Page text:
Public health researchers in Brazil are constantly seeking to improve the quality of health of millions of Brazilians. Despite all political and structural problems, the Brazilian public health system is trying to use robust research evidence to improve the health care system 16. Nonetheless, the application of good evidence is not easy. This issue is not specific to the Brazilian public health system. Health systems worldwide fail to use research evidence to improve the health care economically and optimally 9. Globally, high-income countries are publishing about the application of KT strategies to close the gap between the knowledge produced and the use of this knowledge into practice and policies. Even though public health researchers understand and know about strategies to fill this gap, “the gap still remains” 17.

Considering the numerous mechanisms involved in the KT process, the challenges for low- and middle-income countries are still greater. As demonstrated in an evaluative study in a public health school in Brazil, the research interests of academic post-graduate programs are mostly geared toward answering questions from researchers and knowledge producers, rather than to interest of knowledge users 5. Public health researchers in Brazil appeared less prepared to deal with the variety of research agendas, the community time and context, as well as conflicts of interest (political, organizational, or academic). They also lack funding and knowledge about how to do KT. Still, the real-life in Brazil requires the public health researchers to also deal with the context of violence, poverty, political and personal interests, and lack of education of the target community before trying to develop a KT process. These challenges show the extent and complexity that public health research interventions can address, “concerned as they are with products, resources, skills, beliefs, values, systems, institutional structures, boundaries and relationships14 (p. 3). Adding to these challenges, the recommendation is that the evaluation process should be included in a KT plan with enough funding allocated to it.

Nevertheless, there are effective mechanisms provided by the KT process that can reduce the challenges to apply and disseminate this practice in public health outcomes: (1) joint researchers-decision-makers workshops are places where knowledge producers and users work together to share their preoccupations and the audience they want to reach; (2) inclusion of decision-makers in the research process as part of interdisciplinary research teams 7; (3) a collaborative definition of research questions, nurturing the interest of knowledge users in the process of KT and increasing the sense of belonging and responsibility in both parties 7; (4) use of intermediaries, known as “knowledge brokers” - people or organizations who know how to facilitate and support changes, and understand both the roles of knowledge producers and users 18; (5) use of policy brief, a summary of health information helping stakeholders to understand a health issue 19; (6) KT plans, planners to help researchers and stakeholders in organizing a practical and evidence-informed method to disseminate and implement knowledge 20; and (7) deliberative dialogues, a face-to-face technique in which small groups of diverse stakeholders exchange ideas about a health issue in which they have a shared interest 21. All of these factors are not engineering mechanisms. They are social actions requiring a theoretical model to inform and understand what should be translated, for whom, how and in what context.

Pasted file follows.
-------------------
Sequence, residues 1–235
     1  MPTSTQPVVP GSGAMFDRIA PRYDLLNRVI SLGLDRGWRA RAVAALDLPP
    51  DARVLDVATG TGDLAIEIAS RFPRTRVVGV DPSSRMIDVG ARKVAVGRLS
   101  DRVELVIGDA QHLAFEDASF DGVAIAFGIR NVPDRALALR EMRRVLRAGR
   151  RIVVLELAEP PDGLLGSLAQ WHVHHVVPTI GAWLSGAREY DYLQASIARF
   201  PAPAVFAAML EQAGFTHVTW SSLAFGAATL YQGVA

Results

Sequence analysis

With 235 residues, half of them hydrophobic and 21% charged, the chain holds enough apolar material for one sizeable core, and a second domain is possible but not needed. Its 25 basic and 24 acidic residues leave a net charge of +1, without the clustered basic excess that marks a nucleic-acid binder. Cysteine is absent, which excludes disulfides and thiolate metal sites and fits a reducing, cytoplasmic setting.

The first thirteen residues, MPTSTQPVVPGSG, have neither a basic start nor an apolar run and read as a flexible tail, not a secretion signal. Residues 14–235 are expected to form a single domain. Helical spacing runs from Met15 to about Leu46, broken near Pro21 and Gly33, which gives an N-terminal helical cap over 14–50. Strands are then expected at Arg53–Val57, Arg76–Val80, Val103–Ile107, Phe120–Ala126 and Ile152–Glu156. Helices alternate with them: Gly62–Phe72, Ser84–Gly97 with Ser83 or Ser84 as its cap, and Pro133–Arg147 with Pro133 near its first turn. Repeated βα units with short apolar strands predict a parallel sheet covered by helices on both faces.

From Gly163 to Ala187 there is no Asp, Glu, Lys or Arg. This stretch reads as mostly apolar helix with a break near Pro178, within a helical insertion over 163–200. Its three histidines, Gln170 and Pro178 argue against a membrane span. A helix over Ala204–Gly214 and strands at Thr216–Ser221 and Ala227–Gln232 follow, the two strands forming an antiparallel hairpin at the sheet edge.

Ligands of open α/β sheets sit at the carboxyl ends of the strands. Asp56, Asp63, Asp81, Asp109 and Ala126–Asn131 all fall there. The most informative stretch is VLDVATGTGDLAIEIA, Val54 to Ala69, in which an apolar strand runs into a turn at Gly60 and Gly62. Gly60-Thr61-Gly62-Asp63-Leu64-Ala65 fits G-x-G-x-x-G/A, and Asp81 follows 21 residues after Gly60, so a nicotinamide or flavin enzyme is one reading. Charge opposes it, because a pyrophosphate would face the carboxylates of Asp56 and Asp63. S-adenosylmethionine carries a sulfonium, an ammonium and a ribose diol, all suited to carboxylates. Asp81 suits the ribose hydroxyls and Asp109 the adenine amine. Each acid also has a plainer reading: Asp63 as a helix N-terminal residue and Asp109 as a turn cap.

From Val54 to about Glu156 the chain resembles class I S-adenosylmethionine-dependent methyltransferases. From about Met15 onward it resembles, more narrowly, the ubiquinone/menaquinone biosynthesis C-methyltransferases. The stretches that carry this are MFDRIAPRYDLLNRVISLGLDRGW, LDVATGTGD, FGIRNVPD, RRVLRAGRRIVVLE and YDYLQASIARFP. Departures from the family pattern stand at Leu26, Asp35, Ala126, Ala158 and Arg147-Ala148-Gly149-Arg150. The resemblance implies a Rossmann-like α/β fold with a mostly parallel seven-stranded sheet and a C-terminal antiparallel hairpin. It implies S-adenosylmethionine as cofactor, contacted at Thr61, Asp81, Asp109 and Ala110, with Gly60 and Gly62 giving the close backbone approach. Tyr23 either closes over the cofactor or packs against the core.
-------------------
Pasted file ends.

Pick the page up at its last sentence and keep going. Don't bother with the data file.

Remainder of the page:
Considering how “knowledge can be fragmented”, “research proliferation is immense”, and “the cost of bad decision-making or slow knowledge implementation”, KT has become a vital practice to public health 22 (p. 2). Particularly in the context of complex issues and huge inequities, as observed in Brazil, losing opportunities to put knowledge into practice can lead to wicked consequences in health care.


Apparently, we need perfect conditions to developed better KT practices. We need organization and fully prepared researchers. We also need the ideal place to the perfect KT process. It has been easier to write on how to promote the use of the KT than to apply it. It is a challenge to reach KT's goals, especially in low- and middle-income countries. In order to understand the KT process among public health researchers and knowledge users in Brazil, it is paramount to give research teams support by creating research organizations working together in the KT process. In particular, public health researchers in low- and middle-income countries need support, infrastructure, security, political will, and theoretical and methodological competences about KT. In that way, all aspects of the KT process can be put into practice.

Public health researchers in Brazil usually know a lot about a specific issue and the context they are working with. Still, they may know, at least in theory, about how the issue may be solved and the importance in solving it. They know very well how to disseminate research results in conferences, among peers and in some forms of KT strategies. However, there remain significant gaps to speed up KT practices in Brazil: an insufficient theoretical and methodologic understanding about know-how, political support and resources to effect change, in a practical manner. As shown, the KT process is complex and it takes time to be achieved. Public health researchers in Brazil are attentive, and already advance in this field of knowledge and practices, but they are not fully supported yet.


The first author is grateful to Rafael Koerich Varaschin, PhD, and Milena Nardocci, Msc, for their comments and suggestions. As well as to Amanda Howard and Sandra Gamble for English editing. This study was supported by the Brazilian Graduate Studies Coordinating Board (Capes).